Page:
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Researchers explore gender-based violence at schools in Southern Africa
2014-10-17

Prof Dennis Francis
Photo: René-Jean van der Berg


Violence in schools, especially gender violence, has been a much explored and debated topic. But researchers at the University of the Free State (UFS) are now also exploring the link between gender, diversity and violence in schools in Southern Africa.

This study – a first of its kind – received funding from the United Nations Educational, Scientific and Cultural Organisation (UNESCO) and will investigate how the perception of ‘different’ is a contributing factor to violence in schools.

This UNESCO-funded study, in collaboration with Hivos, GALA and the Government of the Netherlands, will involve schools in Botswana, Lesotho, Namibia and Swaziland.

Prof Dennis Francis, UFS Dean of Education and principal researcher in this study, says children and youth around the world are exposed to violence in and around educational settings. “This does not only undermine a child’s rights to quality education, but also the capacity of the education sector to train future citizens who will respect each other regardless of differences.”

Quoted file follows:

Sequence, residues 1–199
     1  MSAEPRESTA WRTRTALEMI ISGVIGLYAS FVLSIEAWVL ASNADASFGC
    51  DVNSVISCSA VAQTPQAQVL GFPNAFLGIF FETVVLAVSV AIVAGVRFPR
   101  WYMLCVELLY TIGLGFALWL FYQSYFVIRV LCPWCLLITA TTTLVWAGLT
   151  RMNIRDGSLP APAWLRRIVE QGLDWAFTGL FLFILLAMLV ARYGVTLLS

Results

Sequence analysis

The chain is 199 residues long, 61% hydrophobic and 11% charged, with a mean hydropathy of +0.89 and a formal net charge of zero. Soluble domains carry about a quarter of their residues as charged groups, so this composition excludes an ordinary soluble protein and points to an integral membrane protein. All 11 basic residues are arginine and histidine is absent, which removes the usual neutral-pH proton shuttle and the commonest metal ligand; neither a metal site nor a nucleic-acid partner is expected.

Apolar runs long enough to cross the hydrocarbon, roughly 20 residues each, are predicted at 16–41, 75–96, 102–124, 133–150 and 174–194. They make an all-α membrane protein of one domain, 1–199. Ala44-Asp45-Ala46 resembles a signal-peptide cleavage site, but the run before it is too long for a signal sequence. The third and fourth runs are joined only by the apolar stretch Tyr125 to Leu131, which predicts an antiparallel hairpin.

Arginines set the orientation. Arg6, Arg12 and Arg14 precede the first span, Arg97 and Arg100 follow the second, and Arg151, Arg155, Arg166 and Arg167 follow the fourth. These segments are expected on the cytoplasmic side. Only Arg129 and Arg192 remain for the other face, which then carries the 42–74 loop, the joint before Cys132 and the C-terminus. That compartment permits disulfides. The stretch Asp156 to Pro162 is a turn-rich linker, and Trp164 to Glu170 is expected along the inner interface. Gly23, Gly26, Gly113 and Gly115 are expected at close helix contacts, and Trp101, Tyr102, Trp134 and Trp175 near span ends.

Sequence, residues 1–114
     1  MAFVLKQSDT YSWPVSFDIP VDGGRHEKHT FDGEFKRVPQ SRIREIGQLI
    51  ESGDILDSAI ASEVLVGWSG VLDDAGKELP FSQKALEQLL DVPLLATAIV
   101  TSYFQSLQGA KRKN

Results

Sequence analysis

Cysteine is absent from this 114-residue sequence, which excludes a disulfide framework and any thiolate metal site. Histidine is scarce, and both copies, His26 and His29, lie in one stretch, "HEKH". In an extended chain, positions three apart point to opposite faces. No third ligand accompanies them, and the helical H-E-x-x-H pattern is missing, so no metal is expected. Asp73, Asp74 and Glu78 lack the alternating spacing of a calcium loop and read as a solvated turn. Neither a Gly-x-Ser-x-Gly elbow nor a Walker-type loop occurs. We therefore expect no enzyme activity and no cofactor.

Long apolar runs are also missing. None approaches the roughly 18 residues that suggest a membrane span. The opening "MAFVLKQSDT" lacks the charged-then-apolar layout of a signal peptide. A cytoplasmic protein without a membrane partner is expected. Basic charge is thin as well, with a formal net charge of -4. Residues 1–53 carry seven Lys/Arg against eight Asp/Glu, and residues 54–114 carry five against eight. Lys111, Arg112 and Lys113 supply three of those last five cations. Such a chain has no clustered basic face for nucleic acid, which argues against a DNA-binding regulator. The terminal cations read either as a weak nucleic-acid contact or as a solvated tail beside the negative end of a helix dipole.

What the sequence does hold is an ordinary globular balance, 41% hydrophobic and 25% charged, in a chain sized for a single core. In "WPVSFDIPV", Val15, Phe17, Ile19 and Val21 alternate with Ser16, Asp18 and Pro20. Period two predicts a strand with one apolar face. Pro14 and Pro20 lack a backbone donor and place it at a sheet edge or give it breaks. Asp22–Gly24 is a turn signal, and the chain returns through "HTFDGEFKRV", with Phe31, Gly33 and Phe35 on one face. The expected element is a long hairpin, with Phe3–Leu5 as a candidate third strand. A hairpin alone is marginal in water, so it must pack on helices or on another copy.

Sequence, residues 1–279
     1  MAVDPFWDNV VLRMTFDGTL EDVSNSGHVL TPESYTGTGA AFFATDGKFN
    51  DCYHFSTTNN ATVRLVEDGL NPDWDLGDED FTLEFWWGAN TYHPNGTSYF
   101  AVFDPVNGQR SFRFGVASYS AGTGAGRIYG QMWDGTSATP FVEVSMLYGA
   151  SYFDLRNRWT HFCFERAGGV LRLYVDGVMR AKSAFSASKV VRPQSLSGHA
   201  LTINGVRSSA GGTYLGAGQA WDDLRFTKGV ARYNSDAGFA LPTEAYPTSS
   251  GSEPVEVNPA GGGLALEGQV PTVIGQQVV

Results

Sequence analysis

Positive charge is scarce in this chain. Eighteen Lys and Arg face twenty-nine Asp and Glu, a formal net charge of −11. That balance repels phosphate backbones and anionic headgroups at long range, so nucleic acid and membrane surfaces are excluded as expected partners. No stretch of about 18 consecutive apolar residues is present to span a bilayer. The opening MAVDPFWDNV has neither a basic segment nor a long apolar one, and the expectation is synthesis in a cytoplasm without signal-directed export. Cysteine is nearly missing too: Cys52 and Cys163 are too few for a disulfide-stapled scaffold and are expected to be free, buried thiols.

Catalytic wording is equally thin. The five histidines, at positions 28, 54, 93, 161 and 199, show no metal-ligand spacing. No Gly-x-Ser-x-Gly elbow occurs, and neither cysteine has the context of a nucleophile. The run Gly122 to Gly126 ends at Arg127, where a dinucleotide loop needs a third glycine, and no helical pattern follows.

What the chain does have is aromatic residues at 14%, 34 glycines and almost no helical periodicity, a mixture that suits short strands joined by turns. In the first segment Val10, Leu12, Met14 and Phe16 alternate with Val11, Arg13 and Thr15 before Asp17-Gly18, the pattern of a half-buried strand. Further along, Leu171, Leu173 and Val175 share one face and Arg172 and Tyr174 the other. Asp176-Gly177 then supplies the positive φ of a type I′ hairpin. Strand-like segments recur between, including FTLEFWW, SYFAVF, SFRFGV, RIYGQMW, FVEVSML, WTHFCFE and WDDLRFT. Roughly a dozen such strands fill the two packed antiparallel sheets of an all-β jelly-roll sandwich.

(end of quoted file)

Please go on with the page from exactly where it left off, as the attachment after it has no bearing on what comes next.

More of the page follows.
Prof Francis says although girls are the most vulnerable targets of GBV, boys can also be targets, as evidence reveals that many children and youths who are perceived as different in terms of gender, are often victims of violence in school.

“Education is the most significant means of fostering social inclusion, promoting individual rights and realising the full potential of all young people, including those perceived as different. This project is aimed at assisting government, policy makers and professionals in the education sector, as well as civil society organisations and other key stakeholders in Southern Africa to create educational policies and practices that promote safe schools for all youths.”


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